They say you shouldn’t judge a book by its cover, but we often judge products by their packaging. The perfect product label can make any product—from a jar of spices or a tub of beard balm—stand out on the shelf or on social media. For some shoppers, it might be the deciding factor when they’re making a purchase. That’s a lot of pressure to put on a product label.
The good news: If you’ve crafted a memorable logo and strong visual branding for your small business, you’ve already done a lot of the work. Here’s how to round out your branding efforts with product label design.
What is product label design?
Product label design refers to the aesthetics and layout of the graphics and information on your merchandise labels. Whether your target customer encounters your product on a store shelf or online, good product label design catches their eye while showcasing the intention and benefits of the item. In addition to complementing the product packaging, a well-designed product label operates like an informative piece of advertising.
Shopify App Store: Product label apps
Make your products stick out and motivate your customers to buy using colorful labels with catchy content and engaging designs.
Elements of product label design
Creativity is key when designing custom labels that will tempt consumers to pick up or click on your product. Product labels should have the following elements:
- Product name. The product name should be one of the most visible aspects of the product label.
- Brand logo. A prominently placed logo will help people immediately associate the product with your brand. If you don’t have a logo or are in the process of updating yours, consider using a free logo maker.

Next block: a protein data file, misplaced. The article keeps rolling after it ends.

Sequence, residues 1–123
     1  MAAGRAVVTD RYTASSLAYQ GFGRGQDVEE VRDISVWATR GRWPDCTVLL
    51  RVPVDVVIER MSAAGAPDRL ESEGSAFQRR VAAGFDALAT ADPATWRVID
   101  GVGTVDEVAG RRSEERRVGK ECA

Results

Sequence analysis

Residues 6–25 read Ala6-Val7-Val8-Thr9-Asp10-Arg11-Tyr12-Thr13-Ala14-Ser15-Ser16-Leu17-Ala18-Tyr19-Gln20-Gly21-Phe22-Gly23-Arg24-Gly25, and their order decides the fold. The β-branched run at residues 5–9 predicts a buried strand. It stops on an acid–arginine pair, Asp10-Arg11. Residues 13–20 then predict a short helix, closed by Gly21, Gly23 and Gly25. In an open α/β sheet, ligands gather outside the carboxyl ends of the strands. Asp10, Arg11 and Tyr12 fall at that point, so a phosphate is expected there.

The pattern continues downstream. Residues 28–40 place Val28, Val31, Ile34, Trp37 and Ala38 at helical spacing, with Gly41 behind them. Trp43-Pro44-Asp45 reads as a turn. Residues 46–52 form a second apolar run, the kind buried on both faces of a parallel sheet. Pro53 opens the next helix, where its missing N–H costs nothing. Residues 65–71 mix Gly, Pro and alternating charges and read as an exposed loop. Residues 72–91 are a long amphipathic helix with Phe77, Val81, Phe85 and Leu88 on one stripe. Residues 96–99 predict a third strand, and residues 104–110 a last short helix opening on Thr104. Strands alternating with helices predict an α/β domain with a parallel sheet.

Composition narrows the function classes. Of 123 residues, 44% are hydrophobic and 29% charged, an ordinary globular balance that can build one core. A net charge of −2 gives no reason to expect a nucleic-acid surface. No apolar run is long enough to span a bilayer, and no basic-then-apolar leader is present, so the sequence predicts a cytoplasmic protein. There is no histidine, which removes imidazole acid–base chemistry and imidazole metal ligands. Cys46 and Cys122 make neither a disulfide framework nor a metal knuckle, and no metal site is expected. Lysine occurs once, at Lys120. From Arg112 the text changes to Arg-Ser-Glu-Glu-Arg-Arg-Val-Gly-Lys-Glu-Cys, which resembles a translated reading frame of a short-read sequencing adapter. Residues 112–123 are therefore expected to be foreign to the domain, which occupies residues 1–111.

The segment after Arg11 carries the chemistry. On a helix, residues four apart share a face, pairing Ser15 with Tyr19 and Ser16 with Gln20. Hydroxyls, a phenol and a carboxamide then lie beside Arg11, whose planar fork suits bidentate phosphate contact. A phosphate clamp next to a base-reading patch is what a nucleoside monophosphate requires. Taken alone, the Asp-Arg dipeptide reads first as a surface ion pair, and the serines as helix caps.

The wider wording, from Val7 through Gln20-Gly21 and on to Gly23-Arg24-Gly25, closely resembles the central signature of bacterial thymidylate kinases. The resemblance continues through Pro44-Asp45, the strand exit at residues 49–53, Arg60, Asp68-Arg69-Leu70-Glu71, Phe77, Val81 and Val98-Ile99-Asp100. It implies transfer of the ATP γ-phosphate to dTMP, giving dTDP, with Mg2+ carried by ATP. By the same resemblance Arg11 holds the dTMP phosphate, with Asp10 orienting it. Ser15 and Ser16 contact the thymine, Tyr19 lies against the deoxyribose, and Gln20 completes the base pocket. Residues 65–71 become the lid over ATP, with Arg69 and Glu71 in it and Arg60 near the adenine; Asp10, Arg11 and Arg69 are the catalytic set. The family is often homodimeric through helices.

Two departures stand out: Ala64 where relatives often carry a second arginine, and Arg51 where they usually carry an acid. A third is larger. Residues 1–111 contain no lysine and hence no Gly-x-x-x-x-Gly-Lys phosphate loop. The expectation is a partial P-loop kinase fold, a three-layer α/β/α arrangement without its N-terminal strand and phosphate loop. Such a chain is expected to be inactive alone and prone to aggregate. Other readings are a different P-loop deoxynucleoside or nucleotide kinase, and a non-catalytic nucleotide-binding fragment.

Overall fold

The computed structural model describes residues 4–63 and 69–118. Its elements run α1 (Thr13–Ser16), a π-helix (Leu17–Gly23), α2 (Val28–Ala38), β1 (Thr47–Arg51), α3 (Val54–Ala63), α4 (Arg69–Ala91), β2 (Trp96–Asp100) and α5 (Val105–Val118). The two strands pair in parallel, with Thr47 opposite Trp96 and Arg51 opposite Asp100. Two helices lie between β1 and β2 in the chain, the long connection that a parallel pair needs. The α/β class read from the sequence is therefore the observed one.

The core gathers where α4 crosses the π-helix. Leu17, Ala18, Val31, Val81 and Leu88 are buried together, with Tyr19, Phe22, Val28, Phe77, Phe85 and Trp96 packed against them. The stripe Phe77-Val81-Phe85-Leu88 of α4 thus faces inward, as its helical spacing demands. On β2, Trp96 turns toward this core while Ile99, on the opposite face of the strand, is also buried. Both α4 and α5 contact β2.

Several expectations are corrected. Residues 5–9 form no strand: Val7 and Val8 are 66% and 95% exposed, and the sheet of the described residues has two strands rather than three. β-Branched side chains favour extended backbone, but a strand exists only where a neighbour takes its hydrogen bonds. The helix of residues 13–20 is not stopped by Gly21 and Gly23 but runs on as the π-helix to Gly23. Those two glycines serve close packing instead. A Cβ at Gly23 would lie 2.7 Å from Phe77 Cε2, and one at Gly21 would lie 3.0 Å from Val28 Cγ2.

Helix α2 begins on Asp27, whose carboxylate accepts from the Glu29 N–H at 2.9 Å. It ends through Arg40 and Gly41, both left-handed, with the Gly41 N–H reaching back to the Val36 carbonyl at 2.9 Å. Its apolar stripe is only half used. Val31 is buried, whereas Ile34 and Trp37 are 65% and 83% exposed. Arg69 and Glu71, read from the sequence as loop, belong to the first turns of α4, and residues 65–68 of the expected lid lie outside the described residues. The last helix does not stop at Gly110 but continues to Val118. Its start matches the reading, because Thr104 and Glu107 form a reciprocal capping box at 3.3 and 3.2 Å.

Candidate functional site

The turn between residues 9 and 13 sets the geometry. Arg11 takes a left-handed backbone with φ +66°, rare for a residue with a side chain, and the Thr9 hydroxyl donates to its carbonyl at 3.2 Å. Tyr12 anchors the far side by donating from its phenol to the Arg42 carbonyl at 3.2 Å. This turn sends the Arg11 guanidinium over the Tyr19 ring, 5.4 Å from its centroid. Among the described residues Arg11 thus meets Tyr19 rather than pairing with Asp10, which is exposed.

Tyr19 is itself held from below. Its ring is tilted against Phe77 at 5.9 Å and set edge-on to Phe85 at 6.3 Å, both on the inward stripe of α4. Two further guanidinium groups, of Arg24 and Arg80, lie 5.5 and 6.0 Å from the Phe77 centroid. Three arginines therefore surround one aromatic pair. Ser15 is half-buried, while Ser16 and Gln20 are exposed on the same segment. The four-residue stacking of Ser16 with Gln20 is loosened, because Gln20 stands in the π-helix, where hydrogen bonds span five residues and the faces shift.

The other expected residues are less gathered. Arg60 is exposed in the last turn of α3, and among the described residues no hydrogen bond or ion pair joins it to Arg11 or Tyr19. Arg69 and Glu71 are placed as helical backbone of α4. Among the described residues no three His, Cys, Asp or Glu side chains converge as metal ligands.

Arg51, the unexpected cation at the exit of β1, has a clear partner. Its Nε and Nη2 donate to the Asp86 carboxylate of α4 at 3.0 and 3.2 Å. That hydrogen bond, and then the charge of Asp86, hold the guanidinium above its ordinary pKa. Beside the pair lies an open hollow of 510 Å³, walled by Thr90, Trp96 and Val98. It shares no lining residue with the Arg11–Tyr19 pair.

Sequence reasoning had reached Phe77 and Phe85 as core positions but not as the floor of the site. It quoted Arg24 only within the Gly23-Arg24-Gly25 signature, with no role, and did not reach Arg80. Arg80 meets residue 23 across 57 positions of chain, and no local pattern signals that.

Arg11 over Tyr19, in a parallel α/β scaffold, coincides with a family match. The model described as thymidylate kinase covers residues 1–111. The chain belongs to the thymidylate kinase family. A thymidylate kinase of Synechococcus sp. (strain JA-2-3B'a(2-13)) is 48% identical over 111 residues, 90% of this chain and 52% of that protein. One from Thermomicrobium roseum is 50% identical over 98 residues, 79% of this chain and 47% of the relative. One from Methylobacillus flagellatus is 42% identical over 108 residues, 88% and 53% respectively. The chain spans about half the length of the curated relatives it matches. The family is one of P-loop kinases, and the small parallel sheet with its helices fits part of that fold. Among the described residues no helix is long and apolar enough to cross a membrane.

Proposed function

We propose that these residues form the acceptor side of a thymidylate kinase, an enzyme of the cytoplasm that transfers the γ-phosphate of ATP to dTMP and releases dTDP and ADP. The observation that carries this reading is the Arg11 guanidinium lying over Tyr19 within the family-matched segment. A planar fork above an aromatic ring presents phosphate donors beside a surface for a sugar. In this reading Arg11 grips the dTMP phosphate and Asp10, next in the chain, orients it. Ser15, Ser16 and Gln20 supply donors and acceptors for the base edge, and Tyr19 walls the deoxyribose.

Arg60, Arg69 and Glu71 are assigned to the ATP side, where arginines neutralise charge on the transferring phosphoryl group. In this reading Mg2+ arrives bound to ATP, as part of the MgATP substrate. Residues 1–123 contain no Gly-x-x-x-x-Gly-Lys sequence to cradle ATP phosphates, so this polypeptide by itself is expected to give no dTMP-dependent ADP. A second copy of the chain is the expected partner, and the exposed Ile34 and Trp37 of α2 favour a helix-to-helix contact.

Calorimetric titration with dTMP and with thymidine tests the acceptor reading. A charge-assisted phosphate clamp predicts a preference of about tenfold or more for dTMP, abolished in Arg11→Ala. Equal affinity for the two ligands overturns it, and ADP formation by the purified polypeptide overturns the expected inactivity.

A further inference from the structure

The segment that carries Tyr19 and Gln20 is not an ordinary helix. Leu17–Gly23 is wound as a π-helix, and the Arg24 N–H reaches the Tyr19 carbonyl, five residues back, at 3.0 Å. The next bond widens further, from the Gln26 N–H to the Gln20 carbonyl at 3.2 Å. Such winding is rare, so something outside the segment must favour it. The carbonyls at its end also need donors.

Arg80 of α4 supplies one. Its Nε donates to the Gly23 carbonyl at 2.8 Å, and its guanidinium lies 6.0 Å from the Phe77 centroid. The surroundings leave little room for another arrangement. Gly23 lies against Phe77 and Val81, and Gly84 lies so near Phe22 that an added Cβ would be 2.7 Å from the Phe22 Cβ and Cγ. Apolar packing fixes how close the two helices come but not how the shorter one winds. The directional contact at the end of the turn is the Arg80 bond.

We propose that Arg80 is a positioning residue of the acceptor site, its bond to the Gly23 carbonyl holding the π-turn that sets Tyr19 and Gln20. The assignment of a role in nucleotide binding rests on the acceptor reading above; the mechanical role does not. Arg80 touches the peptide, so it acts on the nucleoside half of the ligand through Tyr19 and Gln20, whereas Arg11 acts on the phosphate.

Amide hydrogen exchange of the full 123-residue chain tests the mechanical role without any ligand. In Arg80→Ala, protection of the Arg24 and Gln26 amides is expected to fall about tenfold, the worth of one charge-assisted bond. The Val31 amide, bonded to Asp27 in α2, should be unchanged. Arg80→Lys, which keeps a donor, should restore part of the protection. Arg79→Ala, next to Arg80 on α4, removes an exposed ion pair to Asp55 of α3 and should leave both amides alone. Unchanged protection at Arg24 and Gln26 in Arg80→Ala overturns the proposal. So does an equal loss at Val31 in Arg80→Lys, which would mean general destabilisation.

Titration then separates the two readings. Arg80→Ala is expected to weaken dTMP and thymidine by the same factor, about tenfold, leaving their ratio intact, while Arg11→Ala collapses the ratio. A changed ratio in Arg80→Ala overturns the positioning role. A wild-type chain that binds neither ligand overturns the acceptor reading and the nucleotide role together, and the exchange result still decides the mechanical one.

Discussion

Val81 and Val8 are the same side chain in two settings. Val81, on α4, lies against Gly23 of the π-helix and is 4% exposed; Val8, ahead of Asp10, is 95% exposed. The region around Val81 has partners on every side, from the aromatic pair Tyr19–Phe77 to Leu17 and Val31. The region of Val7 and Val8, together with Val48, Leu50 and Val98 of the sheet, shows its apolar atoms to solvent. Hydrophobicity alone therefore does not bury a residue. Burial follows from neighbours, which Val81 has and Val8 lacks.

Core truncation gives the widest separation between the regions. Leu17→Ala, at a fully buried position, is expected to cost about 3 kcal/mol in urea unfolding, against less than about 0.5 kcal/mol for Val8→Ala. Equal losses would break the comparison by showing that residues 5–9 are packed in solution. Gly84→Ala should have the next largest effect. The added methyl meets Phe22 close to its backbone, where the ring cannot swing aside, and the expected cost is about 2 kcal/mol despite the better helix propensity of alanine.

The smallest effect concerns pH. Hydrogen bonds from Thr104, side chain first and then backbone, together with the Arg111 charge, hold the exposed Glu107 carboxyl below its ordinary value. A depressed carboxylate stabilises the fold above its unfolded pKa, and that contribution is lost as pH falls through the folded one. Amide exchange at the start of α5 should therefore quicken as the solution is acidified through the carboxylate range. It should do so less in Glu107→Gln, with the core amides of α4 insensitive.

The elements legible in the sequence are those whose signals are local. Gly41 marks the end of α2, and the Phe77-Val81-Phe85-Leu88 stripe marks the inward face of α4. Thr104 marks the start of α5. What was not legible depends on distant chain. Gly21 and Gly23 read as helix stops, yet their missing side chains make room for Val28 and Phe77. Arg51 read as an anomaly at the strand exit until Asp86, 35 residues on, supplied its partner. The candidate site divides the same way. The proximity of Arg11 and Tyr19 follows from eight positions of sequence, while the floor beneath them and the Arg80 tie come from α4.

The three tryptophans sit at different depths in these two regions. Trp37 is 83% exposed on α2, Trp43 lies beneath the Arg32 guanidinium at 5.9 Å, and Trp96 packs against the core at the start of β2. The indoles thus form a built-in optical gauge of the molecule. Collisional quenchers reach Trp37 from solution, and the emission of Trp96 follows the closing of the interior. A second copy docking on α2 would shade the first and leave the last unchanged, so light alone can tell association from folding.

- Graphics and other design elements. The sum of your design parts—colors, patterns, images, fonts, and the overall layout—should align with your company’s branding.
- Product description. The product description could be a single explanatory sentence or a poetic product story, but it often includes production details and practical information. Depending on the item and local regulations, you may need to include the net weight, an ingredients list, best-by dates, and regulatory certifications.
- Tracking information. For the purposes of fulfilling warranties, returns, and tracking, you may need to leave room on your product label for a bar code and/or serial numbers.
- Instructions for use. Even the most straightforward item can benefit from a brief blurb about how to use it.
- Contact information. In addition to the manufacturing or packaging address, many products also list a website consumers can visit to learn more.
What factors should influence your product label design?
Consider these factors when designing your product label:
- Target audience. Who should buy your product and why? What do they value, and what visual style resonates with them?;